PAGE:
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From Cannibalism to Christianity: The Transformation of Papua New Guinea

The St. Francis Xavier Church in Matupit Island in Papua New Guinea.

Papua New Guinea's shift from ancient traditions to a Christian nation reflects determined missionary efforts and unwavering faith.

Papua New Guinea, the eastern half of the world's second-largest island, New Guinea, was once home to headhunters and cannibals before its Christianization in the 19th century.

This journey from ancient traditions to a predominantly Christian nation has been marked by the dedicated efforts of numerous missionaries, overcoming significant challenges and hostilities.

The Christian faith first touched New Guinea in 1847 when Marist missionaries arrived on Woodwork Island, a coral island of Papua New Guinea.

However, their mission was short-lived as malaria claimed many of their lives, forcing them to abandon the effort.

In 1852, the Pontifical Institute for Foreign Missions renewed the mission after the Marists had left.

Despite this renewed effort, the missionaries continued to struggle with malaria and hostility from the natives.

Tragically, in 1885, Italian priest Giovanni Battista Mazzucconi was killed by natives on Woodlark Island, exemplifying the dangers faced by early missionaries.

In 1880, French priest Fr. Rene Marie Lannuzel began evangelizing on New Ireland, another island in Papua New Guinea and was soon followed by various other missionary congregations.

The Divine Word Missionaries (SVD) arrived in Alexishafen, Papua New Guinea, in 1896. This was a period marked by the colonial division of New Guinea.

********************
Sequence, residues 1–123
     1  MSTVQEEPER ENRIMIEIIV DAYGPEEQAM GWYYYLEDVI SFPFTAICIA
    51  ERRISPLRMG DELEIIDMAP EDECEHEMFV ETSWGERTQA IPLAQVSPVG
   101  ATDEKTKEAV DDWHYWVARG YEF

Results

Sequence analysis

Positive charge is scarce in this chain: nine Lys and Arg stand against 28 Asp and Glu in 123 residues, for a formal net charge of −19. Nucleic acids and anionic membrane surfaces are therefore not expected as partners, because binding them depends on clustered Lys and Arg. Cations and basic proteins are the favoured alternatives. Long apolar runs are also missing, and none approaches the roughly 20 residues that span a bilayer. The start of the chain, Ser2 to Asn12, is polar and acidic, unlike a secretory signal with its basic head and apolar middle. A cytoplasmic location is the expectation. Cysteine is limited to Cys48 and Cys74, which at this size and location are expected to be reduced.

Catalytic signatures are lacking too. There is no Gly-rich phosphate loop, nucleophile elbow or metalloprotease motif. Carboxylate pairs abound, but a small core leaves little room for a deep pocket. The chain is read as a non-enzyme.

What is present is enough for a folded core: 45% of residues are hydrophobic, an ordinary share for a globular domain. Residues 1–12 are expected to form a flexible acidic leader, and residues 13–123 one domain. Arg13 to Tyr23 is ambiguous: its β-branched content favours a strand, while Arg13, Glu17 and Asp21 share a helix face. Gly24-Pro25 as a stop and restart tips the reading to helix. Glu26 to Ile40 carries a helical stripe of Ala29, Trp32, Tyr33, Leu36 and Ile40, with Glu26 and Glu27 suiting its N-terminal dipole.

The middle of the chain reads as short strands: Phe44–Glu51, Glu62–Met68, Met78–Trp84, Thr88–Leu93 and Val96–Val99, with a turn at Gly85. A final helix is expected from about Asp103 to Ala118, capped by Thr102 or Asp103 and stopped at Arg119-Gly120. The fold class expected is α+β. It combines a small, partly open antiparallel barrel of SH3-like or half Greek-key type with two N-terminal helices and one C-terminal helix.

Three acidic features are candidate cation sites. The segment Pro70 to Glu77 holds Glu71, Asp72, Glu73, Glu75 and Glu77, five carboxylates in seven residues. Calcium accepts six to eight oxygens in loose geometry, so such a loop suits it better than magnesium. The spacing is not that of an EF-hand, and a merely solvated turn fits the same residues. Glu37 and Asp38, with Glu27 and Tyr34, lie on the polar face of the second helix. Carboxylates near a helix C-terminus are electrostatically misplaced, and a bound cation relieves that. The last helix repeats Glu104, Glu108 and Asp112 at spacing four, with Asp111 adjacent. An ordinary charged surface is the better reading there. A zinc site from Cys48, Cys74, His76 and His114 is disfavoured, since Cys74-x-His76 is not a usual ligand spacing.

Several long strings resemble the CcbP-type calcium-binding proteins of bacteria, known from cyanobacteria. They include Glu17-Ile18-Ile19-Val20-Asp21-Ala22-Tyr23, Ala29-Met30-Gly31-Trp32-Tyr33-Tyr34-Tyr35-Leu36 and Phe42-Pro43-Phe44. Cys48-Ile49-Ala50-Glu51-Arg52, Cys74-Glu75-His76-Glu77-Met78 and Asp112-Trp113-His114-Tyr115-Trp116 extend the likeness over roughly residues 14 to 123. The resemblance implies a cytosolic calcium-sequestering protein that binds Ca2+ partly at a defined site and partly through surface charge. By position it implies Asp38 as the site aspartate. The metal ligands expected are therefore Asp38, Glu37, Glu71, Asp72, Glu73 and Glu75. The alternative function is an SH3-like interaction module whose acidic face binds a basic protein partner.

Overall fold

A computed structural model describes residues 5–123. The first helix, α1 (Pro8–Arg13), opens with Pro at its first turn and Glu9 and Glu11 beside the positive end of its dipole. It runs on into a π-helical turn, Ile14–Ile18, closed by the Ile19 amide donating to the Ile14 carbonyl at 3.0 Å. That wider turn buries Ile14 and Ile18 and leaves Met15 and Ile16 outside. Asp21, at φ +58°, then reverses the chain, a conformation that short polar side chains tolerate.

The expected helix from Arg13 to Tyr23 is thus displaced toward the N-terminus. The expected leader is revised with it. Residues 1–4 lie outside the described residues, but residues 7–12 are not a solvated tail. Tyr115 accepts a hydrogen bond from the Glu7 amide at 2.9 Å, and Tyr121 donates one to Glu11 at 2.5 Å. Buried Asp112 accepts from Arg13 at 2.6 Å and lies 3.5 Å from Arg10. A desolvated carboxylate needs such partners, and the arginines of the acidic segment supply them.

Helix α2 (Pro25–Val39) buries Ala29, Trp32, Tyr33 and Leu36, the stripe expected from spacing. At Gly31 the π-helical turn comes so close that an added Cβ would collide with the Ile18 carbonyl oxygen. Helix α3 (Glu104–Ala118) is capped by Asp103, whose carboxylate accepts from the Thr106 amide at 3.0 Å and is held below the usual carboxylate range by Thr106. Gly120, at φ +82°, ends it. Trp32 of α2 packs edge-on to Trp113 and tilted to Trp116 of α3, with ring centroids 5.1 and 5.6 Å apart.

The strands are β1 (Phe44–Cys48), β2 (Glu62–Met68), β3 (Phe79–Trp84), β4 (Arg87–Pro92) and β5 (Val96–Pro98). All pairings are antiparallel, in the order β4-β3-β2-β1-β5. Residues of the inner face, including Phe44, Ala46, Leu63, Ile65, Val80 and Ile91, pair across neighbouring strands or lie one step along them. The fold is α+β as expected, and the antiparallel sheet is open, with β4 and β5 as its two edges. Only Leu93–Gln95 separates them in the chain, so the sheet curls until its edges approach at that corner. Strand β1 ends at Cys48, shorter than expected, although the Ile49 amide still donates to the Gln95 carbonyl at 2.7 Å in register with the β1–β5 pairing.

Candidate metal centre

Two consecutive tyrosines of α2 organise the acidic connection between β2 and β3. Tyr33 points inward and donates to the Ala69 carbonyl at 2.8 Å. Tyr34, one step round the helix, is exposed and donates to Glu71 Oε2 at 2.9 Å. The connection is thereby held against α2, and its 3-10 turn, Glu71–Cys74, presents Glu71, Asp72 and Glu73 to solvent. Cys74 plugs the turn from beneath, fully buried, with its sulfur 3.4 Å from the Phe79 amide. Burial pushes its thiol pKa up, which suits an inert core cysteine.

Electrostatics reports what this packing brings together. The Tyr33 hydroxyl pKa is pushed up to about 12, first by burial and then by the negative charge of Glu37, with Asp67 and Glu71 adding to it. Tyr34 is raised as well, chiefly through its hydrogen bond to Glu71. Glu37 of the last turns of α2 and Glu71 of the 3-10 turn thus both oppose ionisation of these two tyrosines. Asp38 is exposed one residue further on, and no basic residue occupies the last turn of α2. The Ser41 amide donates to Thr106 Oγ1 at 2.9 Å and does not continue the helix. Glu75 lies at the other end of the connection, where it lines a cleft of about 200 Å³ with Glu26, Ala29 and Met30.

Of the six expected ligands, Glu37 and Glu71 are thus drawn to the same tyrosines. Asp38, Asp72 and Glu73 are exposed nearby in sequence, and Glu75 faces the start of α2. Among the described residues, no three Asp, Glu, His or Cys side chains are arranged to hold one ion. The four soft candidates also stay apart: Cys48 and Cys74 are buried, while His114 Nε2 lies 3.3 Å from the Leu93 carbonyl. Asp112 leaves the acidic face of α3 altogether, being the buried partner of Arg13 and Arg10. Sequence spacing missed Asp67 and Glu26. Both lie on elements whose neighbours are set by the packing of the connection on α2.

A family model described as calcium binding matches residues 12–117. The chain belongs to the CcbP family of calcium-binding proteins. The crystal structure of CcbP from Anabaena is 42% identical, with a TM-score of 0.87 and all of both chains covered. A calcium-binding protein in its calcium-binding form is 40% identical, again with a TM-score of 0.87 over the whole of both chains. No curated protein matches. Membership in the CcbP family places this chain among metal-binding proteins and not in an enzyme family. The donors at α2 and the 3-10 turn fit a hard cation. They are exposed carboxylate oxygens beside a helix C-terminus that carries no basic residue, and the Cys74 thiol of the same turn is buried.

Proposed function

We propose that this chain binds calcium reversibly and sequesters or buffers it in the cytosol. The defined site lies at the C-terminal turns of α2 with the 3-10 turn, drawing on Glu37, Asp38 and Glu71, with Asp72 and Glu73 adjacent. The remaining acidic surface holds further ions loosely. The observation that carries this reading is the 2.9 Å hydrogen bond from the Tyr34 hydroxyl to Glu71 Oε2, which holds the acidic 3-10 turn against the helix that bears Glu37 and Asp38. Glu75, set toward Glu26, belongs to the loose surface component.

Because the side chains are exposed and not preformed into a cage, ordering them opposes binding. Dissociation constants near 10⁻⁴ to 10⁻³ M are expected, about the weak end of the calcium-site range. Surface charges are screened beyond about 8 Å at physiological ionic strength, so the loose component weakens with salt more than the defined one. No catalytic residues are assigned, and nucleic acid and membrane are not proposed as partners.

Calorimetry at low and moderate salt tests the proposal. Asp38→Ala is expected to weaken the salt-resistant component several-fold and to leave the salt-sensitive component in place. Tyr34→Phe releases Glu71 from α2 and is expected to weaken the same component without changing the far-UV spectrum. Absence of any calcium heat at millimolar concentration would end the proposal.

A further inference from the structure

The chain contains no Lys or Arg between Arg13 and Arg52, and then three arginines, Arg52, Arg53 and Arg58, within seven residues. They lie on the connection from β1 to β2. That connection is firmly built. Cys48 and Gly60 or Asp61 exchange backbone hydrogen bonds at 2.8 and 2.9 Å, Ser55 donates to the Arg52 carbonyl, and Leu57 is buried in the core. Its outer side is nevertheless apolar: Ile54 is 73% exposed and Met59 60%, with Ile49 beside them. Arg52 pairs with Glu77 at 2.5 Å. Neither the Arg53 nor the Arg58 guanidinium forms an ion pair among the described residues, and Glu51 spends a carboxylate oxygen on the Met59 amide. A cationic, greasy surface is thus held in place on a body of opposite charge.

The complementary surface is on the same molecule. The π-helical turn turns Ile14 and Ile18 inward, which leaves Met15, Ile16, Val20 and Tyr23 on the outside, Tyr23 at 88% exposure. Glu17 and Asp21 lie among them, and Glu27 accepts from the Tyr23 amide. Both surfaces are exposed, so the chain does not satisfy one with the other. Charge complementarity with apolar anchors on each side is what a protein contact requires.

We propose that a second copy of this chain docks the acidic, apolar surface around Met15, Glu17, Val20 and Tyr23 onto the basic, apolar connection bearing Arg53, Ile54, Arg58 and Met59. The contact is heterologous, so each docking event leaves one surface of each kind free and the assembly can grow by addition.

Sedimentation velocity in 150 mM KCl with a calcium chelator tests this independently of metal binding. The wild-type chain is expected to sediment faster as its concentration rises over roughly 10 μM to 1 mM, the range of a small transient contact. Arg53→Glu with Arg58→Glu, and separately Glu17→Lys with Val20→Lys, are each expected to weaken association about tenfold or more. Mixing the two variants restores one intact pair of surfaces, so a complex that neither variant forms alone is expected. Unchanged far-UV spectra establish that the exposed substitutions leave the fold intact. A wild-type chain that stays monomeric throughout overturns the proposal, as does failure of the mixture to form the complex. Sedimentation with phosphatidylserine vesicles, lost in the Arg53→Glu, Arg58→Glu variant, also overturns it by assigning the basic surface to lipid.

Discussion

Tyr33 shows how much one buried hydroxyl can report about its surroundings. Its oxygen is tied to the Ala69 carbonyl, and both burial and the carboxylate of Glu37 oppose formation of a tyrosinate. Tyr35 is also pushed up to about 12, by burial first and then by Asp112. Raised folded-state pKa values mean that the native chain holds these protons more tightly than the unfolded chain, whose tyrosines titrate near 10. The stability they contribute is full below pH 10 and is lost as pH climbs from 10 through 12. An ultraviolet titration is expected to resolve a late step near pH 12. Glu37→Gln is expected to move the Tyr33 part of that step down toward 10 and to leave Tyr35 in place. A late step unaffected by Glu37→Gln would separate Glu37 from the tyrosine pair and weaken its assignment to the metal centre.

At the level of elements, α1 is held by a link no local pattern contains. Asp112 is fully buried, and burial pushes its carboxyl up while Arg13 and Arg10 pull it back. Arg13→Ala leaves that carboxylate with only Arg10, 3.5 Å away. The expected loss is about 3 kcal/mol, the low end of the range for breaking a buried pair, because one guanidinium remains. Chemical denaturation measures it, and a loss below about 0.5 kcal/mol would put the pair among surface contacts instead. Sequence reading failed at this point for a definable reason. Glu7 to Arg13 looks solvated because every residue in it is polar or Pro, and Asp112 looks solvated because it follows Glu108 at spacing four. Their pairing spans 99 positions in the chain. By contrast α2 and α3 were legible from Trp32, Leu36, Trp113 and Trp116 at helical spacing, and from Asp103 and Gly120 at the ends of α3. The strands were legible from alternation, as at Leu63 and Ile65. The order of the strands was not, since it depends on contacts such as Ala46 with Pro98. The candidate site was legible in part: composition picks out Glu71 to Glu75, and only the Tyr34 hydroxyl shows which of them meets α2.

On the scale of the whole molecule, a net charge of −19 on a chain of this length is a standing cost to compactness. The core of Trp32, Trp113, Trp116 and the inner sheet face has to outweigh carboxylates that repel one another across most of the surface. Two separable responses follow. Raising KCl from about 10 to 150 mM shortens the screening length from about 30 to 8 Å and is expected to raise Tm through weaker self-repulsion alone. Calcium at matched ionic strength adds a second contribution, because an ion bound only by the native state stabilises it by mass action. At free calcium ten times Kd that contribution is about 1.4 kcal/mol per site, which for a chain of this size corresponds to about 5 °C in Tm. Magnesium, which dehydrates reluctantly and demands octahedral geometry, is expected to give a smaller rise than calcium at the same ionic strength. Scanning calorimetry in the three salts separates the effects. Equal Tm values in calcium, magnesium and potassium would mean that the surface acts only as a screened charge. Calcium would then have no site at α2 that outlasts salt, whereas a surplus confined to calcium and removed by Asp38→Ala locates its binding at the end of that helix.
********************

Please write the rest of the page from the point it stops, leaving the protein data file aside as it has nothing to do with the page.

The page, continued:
In 1884, Germany and Britain divided the eastern half of the island, with Germany claiming the north and Britain the south.

The western half was controlled by the Netherlands as part of Dutch Indonesia, an agreement solidified as early as 1824.

By 1901, missionary work focused on areas such as Yule Island, Alexishafen, Vunapope, and Kieta, where missionaries built churches, hospitals, schools, and other infrastructure.

These efforts significantly improved the lives of the natives, leading many to embrace Christianity. However, some communities remained resistant and hostile.

In 1904, ten missionaries and seven Christians were killed in the Baining Mountains by natives.

Australia took control of the German part of Papua New Guinea during World War I in 1914 and had already annexed the British part in 1888.

Despite the global conflict, Catholic missions continued to spread among the tribes. During Australia's administration, other Christian denominations, such as the Seventh Day Adventists and Methodists, also established missions.

From 1941 to 1945, the Japanese occupied New Guinea during World War II, executing over 300 Christian workers, including priests, evangelists, a nurse, and teachers. Despite these atrocities, the Christian mission persisted.

Papua New Guinea gained independence from Australia in 1975, becoming a Commonwealth realm with Queen Elizabeth II as its monarch.

Today, the country is one of the most linguistically diverse in the world, with over 850 distinct languages spoken.

While cannibalism reportedly persisted in some remote areas as late as 2012, leading to arrests for the murders of alleged witch doctors, such practices pose ongoing challenges for both the church and the government.

Currently, Papua New Guinea has 19 dioceses, including four archdioceses.

The Divine Word University in Madang, established by an Act of Parliament in 1996, signifies the enduring influence of early missionary work.

The nation has also welcomed visits from Pope John Paul II in 1984 and 1995 and looks forward to Pope Francis's visit in September this year.

Papua New Guinea's journey from a land of ancient traditions to a Christian nation reflects a profound transformation driven by unwavering missionary zeal and the resilience of faith amidst adversity.

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